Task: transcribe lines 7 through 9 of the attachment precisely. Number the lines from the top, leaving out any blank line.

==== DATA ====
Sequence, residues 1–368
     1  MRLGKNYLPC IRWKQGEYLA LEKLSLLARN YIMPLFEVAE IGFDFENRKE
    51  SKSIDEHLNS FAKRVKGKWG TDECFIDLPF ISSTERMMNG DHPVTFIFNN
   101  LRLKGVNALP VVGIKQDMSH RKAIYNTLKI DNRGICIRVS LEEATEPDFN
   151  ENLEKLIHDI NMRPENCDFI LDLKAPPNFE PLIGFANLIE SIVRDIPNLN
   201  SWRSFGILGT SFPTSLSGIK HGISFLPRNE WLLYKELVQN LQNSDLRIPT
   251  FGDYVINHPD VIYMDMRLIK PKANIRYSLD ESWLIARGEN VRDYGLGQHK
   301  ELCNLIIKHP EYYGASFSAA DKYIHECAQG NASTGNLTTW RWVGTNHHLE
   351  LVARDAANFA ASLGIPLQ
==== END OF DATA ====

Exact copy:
   251  FGDYVINHPD VIYMDMRLIK PKANIRYSLD ESWLIARGEN VRDYGLGQHK
   301  ELCNLIIKHP EYYGASFSAA DKYIHECAQG NASTGNLTTW RWVGTNHHLE
   351  LVARDAANFA ASLGIPLQ